In 2016, staffers at Cambridge University Library discovered an old, brown parcel in its collections. Opening the package revealed that it had originally reached the library around 1910, and for over a century, its contents had gone unnoticed. Mysteriously addressed to “the Librarian,” the parcel held a bundle of well-preserved suffrage posters from the early 1900s. Its sender was Marion Phillips, a major figure of the suffrage movement in Britain, who was elected to parliament in 1929.
For the first time since the discovery, the library has organized a display featuring a selection of the posters. The small exhibition marks the centenary of the Representation of the People Act, which granted British women the right to vote — women over 30, that is, who met minimum property qualifications. (It wasn’t until 1928 that the full electoral equality was attained.)
“The posters in the library have been with us, probably since they were produced,” Dr. Chris Burgess, exhibitions program manager at the library told Hyperallergic. “But others would certainly have been pasted up around towns and cities. They would have been sold by the central organization to local groups to raise money for the cause; postcards were also very popular.”
Which makes their survival to this day, in near-perfect condition, rare. The librarians are unsure exactly why Phillips sent the posters, although they theorize that they were meant for C.M. Ridding, a scholar of Sanskrit who was the first woman to work at the library. Whatever her reasoning, the act of archiving ephemera of resistance resonates especially today as museums collect objects created after the 2016 election, from Post-it notes to signs from the Women’s March.
Representing a widespread, non-violent tactic of the suffrage movement, the poster campaigns intended to represent a range of women. They feature mothers and women in the household as well as women at work, including working-class individuals. Cambridge professor Lucy Delap notes that posters in collegiate cities such as Cambridge would depict women in academic dress to highlight the inequality women faced on university campuses. As Delap points out, women were not considered full members of Cambridge until 1948.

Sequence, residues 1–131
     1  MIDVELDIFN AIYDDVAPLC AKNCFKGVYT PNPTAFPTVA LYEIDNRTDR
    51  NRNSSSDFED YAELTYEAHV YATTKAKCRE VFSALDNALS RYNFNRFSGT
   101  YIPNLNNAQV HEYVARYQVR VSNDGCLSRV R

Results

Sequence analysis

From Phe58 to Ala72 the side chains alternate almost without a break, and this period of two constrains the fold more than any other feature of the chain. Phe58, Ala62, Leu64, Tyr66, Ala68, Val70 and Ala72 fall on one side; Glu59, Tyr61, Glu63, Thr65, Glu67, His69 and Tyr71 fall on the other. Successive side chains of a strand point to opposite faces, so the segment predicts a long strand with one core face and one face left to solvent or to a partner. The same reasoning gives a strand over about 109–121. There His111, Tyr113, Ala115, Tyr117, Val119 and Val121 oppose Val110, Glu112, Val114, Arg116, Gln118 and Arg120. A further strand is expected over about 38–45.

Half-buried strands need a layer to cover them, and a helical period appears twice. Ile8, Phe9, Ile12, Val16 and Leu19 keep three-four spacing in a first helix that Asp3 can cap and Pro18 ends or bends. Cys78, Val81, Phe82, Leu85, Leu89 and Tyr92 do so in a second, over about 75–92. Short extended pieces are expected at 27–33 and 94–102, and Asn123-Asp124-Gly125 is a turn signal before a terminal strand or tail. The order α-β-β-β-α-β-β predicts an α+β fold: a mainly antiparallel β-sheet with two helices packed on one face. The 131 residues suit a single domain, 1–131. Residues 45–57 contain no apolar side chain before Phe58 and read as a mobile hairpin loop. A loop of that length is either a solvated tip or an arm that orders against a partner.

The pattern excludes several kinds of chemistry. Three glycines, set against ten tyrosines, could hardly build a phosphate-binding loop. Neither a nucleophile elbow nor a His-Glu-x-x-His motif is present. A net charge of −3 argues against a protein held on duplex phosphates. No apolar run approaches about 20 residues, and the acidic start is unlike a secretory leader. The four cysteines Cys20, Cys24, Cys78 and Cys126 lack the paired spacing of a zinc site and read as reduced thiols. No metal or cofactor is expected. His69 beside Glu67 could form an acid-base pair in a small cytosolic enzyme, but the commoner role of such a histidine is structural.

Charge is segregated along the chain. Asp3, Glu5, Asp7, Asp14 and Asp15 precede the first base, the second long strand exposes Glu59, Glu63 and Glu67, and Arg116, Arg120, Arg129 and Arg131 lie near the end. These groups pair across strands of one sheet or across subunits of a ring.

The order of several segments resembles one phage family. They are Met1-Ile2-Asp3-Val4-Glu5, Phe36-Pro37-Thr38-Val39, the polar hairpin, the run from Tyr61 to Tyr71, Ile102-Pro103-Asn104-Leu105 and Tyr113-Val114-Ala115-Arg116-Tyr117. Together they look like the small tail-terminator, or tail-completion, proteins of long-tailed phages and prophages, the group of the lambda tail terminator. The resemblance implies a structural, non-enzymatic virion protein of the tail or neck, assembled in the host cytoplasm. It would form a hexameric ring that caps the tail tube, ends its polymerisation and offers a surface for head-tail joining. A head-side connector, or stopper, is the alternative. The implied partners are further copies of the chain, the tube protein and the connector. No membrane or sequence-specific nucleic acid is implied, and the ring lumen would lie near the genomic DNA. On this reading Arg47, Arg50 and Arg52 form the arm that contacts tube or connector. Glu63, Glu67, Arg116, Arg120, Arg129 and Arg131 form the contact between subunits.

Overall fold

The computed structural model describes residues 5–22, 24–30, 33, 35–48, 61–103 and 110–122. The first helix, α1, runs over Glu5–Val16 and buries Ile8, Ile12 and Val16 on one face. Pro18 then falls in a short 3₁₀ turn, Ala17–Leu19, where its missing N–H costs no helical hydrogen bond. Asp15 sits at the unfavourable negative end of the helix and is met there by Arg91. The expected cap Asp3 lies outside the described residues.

The visual language, too, was diverse. Some posters were satirical, drawing from familiar 19th-century political caricatures, while others featured more evocative, emotional images. One poster by cartoonist Alfred Pearse (signed “A. Patriot”) depicts the force-feeding of an imprisoned suffragette on a hunger strike — a practice that the government authorized in 1909.
The colorful pictures represented the voices of professional artists as well as everyday citizens — both women and men. Many of them are signed. The most famous among these creatives, arguably, is the painter Duncan Grant, who was a member of the modernist Bloomsbury Group. Others include Mary Sargant Florence, a mural painter, and Emily Jane Harding Andrews, a book illustrator. Harding Andrews created posters for the Artists’ Suffrage League, one of two chief organizations in Britain that were responsible for producing poster and postcard designs. The League was established in 1907 by stained-glass artist Mary Lowndes, two years prior to the founding of the collective known as Suffrage Atelier. Formed specifically to gear up for a demonstration by the Women’s Social and Political Union — the society set up by suffragette Emmeline Pankhurst — Suffrage Atelier favored using woodblocks to more quickly produce and distribute their posters.
For Britons, the century-old notices vividly capture the voices of overlooked individuals who fought for greater gender equality in their nation. For the rest of us, they’re poignant reminders of the significant role grassroots movements play in enacting systemic change.
The exhibition of suffrage posters continues at Cambridge University Library (University of Cambridge, West Road, Cambridge CB3 9DR, UK) through March 31.